Total Art at the Courtyard continues its series “Visual Dialogues” with an exhibition of recent works by well-known Iranian artists Fereydoun Ave and Shaqayeq Arabi. The show sets up a conversation between Arabi’s three-dimensional works and Ave’s two-dimensional pieces, exploring their mutual interest in material, abstraction and the found object. Both artists work with objects available to them in their surroundings, turning them into a poetic stream of consciousness, telling stories about the past, the present and the future.

Arabi is a compulsive collector of found materials, which she uses to create her work. In her latest series, she has used pieces from a broken classic chair, fly nets, palm fronds, bells, a cycle pump, a pair of crutches and spatulas from a pizzeria — all found on the streets of Dubai — to create aesthetic and thought-provoking assemblages that express her feelings, emotions and memories, and speak about the fine balance between our built environment and nature. “I work spontaneously, but the one conscious decision I make is to always include some organic materials in my compositions,” she says.

Ave has been an influential personality in the Iranian theatre, film and arts scene. Besides being an internationally recognised artist and curator, he is also a collector of art and antiques, and a mentor to the next generation of Iranian artists. He has lived and worked in Europe, America and Iran, and was a close friend of legendary American artist Cy Twombly. His new cycle of works “Shah Abbas and his Page Boy” comprises a series of textile-based mixed-media pieces that combine his roles as artist, collector and mentor, and reflect his deep understanding of both Western and Eastern art.

Thursday, 1 December 2016

Tehran’s Ab-Anbar Gallery Links the Diaspora and Global Art

Drawings by the Scottish artist David Batchelor, who will have a solo exhibition at the Ab-Anbar gallery in January. Courtesy David Batchelor and NY Times.
by Ginanne Brownell, New York Times

Reza Aramesh had received offers before. Over the years the London-based artist, who was born in Iran, was approached by various Tehran galleries asking if he would like to have his works exhibited. But for a variety of reasons it never felt suitable.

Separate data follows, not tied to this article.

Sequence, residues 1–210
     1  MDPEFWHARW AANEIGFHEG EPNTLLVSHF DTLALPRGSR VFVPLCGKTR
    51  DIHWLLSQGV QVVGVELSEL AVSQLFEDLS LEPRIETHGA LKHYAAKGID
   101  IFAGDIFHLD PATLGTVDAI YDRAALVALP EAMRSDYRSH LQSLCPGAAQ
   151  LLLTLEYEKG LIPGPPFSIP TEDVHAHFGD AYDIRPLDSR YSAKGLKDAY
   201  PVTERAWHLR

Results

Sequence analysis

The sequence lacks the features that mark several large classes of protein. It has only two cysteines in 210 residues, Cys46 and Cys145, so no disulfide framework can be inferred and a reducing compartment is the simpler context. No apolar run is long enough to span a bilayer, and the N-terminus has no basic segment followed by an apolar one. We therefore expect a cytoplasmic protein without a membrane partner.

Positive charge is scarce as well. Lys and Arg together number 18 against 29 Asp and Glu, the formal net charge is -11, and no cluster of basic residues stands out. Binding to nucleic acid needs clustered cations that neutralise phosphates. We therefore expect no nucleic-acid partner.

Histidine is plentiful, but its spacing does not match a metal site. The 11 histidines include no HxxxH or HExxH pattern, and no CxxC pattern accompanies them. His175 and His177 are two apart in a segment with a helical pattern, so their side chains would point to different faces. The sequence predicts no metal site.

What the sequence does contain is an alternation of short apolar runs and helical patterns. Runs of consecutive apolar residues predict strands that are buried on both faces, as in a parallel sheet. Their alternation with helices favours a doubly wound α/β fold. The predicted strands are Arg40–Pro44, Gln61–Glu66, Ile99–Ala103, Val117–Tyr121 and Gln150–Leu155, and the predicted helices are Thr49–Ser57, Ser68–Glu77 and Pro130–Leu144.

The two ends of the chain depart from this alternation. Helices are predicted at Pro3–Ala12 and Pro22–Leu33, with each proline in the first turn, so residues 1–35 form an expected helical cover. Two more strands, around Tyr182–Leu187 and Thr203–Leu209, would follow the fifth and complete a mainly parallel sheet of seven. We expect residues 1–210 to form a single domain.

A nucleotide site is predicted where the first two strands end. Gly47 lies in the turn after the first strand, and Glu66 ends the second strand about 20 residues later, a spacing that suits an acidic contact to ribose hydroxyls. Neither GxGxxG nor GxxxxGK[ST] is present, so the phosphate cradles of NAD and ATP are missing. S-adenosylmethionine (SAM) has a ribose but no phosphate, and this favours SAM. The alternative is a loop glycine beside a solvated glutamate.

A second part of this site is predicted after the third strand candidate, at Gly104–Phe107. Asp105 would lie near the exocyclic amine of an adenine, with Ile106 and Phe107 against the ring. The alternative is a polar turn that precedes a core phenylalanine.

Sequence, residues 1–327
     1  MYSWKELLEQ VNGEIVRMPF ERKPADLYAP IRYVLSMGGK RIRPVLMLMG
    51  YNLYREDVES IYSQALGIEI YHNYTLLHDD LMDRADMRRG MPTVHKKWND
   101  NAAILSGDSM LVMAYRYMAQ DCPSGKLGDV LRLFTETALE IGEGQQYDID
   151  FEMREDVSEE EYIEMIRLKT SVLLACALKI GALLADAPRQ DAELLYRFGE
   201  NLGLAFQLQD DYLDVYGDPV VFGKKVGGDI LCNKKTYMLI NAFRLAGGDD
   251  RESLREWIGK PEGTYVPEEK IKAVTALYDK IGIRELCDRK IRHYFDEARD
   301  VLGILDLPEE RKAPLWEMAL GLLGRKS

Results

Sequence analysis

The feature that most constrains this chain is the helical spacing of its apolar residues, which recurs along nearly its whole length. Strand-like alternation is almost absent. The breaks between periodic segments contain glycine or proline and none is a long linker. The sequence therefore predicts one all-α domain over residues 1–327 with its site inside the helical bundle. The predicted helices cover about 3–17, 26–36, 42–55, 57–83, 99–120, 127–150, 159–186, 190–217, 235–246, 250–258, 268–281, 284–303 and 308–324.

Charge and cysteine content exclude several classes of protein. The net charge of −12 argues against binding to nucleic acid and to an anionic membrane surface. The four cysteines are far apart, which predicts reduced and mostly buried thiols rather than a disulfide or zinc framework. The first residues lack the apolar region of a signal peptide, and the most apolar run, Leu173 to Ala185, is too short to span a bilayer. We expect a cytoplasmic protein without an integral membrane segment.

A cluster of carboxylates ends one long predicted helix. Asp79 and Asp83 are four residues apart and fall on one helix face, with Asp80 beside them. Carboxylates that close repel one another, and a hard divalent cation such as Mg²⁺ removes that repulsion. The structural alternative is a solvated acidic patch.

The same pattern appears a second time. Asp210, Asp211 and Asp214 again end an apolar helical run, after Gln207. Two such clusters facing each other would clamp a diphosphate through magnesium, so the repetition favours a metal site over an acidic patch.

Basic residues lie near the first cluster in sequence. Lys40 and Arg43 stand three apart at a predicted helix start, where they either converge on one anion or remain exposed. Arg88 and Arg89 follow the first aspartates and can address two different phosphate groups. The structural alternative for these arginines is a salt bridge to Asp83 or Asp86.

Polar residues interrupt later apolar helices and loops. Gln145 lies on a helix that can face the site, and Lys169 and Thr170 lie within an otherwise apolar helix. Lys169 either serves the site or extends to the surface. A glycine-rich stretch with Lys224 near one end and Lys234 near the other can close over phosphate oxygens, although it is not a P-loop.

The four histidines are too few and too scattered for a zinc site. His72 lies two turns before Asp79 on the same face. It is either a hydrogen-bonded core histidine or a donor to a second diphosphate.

“I always wanted to show in Iran, but it was never really the right situation or gallery at the time,” said Mr. Aramesh, 42, whose works scrutinize oppression and violence in a global context through mediums including photography, installations and sculpture. “I did not show in Iran just for the sake of it because even in London I never did that. With any gallery, it has to make sense.”

But a few years ago when the newly founded Ab-Anbar gallery in Tehran approached the artist, who has been featured in shows in countries including South Africa, Israel, China and Argentina, he was intrigued. “For one, it was a gut feeling,” said Mr. Aramesh, who has a solo show at the Dubai outpost of the Leila Heller Gallery (until Jan. 4) and is featured in a group show “Uncertain States: Artistic Strategies in States of Emergency” (until Jan. 15) at Berlin’s Akademie Der Künste.

“Another was that I met Salman Matinfar a number of years ago and was impressed with him and his knowledge of my work. But also what interests me is that as a gallerist I like his ambition.”

Mr. Matinfar, the founder and director of Ab-Anbar (“water reserve” in Farsi), plans for his gallery to be international in scope, not only in its focus to bring Iranian diaspora artists’ work back to Tehran (Mr. Aramesh’s second show with the gallery, “At 11:57 am Wednesday 23 October 2013,” closed in early October) but also to have international contemporary artists exhibited in the gallery, in the downtown district of the capital.